- Tons of various ammo captured.

Much of the captured ammunition was quickly taken away by trucks, presumably for distribution between the various fronts the Islamic State is fighting at. A part might also be held back for the upcoming battle for Raqqa, the capital of the Islamic State


Ayyash, located a mere ten kilometers north-west from Deir ez-Zor's city centre, was the scene of heavy fighting as fighters of the Islamic State pushed their way into the town and surrounding areas. Ayyash's perimeter was less well defended by troops not matching the performance of the soldiers stationed elsewhere in Deir ez-Zor, consisting of a mix of SyAA and NDF fighters along with personnel from the nearby surface-to-air missile site and detachments from the 104th Brigade of the Republican Guard. As the regime has to defend Deir ez-Zor with only a limited amount of personnel, it has been forced to spread its troops thinly along the perimeter, with the main bulk stationed near Deir ez-Zor's airbase, the city centre and surrounding hills. While this careful balancing of troops in Deir ez-Zor appears quite logical, it becomes less so when considering the fact that Ayyash is home to a weapons depot once built as a strategic reserve for a possible confrontation with Ba'athist Iraq, then the fourth largest army in the world. While the contents of the depot had partially been depleted in the defence of Deir ez-Zor, it was still massively overstocked with arms and ammunition.

Having so much ammunition and weaponry stationed so close to a fragile frontline is a sign of extremely incompetent military planning. This is especially true when considering the immensely large 137th Brigade's base located nearby has plenty of space to house tenfold the contents of Ayyash. This base is located much closer to the airbase and Deir ez-Zor's city centre and thus better capable of dividing the munitions between the defenders of Deir ez-Zor.

The fact that the contents of the weapons depot were left wholely intact both prior to and after the takeover (contents which could either have been destroyed beforehand or with artillery and airstrikes afterwards) indicates that the Syrian Arab Army is still incapable of dealing with such situations. While Russia claimed to have destroyed the 2K12 surface-to-air missile launchers after their capture, not targeting millions of small arms rounds and a hundred ATGMs remains a curious decision to say the least.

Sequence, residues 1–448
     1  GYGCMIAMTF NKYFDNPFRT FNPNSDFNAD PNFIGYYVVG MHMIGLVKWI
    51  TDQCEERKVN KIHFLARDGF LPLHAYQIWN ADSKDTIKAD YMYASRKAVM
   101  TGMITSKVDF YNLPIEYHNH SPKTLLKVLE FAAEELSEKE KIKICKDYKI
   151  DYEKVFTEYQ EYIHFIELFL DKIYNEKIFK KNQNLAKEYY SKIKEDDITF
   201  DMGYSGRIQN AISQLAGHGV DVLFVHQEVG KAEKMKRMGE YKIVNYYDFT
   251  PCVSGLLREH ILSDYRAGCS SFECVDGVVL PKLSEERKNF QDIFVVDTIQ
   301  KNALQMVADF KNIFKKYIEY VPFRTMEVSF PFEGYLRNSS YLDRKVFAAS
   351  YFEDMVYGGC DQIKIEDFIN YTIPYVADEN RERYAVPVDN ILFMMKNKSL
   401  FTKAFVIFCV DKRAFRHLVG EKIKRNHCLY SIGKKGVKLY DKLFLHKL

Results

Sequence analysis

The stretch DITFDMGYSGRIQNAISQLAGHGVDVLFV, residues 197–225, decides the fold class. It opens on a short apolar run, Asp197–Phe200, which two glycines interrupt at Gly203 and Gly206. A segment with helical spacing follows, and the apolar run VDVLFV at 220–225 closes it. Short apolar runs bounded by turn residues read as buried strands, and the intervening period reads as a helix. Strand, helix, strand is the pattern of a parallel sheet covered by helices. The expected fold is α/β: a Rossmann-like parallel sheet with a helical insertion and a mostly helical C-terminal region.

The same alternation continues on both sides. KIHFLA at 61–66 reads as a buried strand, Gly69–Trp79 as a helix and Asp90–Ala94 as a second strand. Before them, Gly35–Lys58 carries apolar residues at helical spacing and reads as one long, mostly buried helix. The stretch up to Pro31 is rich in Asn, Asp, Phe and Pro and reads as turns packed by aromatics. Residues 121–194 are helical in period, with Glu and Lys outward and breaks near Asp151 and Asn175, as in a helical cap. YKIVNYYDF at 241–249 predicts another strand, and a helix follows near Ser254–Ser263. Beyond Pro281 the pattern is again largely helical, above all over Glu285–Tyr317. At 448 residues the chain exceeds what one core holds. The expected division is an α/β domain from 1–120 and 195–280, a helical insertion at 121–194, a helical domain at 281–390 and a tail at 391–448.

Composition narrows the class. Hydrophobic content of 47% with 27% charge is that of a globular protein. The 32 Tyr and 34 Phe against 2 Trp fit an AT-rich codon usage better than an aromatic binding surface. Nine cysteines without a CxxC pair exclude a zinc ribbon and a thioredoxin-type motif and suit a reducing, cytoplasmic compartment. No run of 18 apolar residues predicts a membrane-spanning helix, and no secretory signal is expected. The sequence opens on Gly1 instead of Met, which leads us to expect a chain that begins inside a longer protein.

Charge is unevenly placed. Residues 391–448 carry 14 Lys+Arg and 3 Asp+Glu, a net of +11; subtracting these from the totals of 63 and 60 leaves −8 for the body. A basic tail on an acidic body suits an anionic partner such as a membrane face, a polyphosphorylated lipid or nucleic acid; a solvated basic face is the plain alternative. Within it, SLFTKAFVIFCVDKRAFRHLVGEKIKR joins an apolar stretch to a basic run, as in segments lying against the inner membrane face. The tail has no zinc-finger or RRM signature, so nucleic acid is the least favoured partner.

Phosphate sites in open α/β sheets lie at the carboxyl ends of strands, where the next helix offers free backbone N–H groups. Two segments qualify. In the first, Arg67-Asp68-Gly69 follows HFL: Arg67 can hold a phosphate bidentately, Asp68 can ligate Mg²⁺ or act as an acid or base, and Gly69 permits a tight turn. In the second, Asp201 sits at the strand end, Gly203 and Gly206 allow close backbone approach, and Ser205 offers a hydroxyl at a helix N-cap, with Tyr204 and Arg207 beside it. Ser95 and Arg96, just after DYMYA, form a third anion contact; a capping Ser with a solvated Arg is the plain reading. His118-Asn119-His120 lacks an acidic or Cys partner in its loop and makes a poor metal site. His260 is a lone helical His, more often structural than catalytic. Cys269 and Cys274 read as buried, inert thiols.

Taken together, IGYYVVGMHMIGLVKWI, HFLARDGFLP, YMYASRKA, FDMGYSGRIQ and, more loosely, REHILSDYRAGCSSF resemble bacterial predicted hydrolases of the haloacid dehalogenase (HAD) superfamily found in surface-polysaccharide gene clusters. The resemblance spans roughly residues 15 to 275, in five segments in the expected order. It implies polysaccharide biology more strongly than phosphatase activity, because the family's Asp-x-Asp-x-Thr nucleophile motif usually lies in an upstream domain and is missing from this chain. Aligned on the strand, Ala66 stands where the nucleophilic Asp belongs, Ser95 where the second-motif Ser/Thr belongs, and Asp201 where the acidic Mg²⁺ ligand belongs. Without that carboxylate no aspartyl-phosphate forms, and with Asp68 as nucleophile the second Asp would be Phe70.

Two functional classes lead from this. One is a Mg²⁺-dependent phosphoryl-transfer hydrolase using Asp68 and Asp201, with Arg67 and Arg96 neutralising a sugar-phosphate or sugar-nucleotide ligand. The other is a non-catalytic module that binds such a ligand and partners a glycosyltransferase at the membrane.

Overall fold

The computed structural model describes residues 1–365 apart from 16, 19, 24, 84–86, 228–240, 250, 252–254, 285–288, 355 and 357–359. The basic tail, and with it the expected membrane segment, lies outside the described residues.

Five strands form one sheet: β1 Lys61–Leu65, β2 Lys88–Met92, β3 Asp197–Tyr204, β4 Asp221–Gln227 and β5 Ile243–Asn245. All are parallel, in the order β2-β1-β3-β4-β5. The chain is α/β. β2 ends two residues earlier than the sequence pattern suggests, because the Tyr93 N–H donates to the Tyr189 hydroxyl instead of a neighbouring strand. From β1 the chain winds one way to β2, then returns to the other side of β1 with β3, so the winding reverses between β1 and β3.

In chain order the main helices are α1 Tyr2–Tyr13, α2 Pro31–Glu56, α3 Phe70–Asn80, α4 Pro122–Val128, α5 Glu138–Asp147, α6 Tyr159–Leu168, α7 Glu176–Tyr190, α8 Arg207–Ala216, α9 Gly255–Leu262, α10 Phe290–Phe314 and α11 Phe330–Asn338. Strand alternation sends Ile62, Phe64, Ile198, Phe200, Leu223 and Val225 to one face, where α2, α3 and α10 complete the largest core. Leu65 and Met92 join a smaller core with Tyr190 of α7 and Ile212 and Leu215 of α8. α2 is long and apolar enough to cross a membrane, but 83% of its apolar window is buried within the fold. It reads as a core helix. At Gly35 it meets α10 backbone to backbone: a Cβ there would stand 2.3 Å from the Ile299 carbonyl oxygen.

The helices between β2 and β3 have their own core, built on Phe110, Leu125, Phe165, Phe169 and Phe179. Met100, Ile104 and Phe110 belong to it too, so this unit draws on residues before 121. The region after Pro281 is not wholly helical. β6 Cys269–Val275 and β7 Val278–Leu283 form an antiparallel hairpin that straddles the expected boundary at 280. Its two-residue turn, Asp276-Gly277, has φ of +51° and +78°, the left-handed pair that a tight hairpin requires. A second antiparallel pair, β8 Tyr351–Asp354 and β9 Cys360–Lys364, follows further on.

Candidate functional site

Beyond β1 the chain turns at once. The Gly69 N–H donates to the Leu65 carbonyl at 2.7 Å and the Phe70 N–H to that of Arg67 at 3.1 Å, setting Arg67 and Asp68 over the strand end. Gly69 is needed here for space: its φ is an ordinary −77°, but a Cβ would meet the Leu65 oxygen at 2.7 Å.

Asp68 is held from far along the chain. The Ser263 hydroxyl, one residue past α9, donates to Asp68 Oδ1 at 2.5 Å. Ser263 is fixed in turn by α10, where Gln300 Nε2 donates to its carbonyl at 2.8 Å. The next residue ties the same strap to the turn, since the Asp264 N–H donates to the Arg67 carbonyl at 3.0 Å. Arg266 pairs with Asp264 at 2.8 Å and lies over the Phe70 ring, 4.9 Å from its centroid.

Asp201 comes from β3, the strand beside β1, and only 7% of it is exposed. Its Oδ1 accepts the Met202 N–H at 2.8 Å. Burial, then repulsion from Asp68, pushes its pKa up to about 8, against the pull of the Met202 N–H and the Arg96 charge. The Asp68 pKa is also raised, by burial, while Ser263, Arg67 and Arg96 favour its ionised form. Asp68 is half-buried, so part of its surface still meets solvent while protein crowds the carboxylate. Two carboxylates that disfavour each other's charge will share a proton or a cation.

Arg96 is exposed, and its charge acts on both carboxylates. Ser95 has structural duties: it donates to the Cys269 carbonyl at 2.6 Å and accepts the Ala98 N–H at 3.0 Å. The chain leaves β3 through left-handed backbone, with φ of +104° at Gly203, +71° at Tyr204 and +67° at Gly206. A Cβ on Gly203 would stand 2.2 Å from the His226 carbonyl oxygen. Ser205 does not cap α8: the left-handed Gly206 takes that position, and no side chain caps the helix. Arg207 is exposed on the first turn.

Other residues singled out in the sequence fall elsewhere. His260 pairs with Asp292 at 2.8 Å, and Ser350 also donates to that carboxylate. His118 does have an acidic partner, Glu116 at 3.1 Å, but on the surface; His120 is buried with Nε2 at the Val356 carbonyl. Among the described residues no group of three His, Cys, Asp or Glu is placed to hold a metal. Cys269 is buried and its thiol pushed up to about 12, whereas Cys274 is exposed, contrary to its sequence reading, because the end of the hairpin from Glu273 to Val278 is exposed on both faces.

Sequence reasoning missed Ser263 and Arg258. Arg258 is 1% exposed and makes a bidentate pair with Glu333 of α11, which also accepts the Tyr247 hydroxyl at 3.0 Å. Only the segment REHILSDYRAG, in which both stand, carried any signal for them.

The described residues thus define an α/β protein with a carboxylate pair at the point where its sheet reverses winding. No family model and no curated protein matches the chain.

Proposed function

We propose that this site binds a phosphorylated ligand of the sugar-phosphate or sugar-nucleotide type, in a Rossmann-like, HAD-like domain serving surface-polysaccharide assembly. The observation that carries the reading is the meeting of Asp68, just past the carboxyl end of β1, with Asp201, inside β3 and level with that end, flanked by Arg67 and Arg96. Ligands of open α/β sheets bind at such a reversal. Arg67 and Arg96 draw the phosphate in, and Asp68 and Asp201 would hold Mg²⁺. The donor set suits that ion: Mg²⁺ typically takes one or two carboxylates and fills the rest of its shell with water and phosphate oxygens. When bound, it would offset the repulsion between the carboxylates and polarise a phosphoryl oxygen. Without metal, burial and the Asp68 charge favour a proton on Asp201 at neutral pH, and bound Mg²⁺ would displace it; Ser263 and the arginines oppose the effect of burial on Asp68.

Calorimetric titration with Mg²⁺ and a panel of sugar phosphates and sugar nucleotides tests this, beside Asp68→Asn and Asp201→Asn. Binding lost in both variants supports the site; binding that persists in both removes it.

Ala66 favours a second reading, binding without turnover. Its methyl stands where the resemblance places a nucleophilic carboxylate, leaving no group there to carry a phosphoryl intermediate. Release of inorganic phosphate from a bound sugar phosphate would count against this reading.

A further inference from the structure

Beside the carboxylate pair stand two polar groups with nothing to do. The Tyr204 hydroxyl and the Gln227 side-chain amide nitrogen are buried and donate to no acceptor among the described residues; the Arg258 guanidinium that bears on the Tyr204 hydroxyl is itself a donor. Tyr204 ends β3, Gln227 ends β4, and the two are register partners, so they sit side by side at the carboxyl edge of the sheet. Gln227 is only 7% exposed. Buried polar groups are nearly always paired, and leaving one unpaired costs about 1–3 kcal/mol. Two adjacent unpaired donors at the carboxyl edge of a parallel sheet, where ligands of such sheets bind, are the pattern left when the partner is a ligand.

The largest stash of 9M14M Malyutka ATGMs at the Ayyash weapon depot, at least 90 of which are piled up here. A single 9M113M Konkurs missile was also captured.


The captured 2K12 surface-to-air missile battery, the second to have fallen in the hands of the Islamic State in the Deir ez-Zor area.


Heavy equipment now in the hands of the Islamic State: The T-55(A)MV is the second example to have been captured by fighters of the Islamic State in Deir ez-Zor. A limited number of T-55(A)MVs are believed to have been brought to Deir ez-Zor along with a small number of T-72 'Urals', T-72M1s and T-72AVs before the supply route was closed when IS captured the town of al-Sukhna on the 13th of May 2015. One of the two T-55s is one of several hundred examples upgraded by North Korea in the late 70s and early 80s and can be seen with a laser-range finder and 14.5mm heavy machine gun 'Made in DPRK'. As most of the 14.5mm KPV-equipped T-55s gradually lost their machine gun mount as this was deemed to be of more use mounted on technicals, this configuration has become a rare sight nowadays.

Interestingly, one of the BMP-1s sports Kontakt-1 explosive reactive armour (ERA) (presumably taken from a T-72AV) on its turret in a bid to enhance the poor armour protection of the vehicle. It is expected that vehicles such as the BRDM-2, BTR-152 and the two BREM-2s will be used as vehicle-borne improvised explosive devices (VBIEDs), the Islamic State having no use for them in their originally intended role.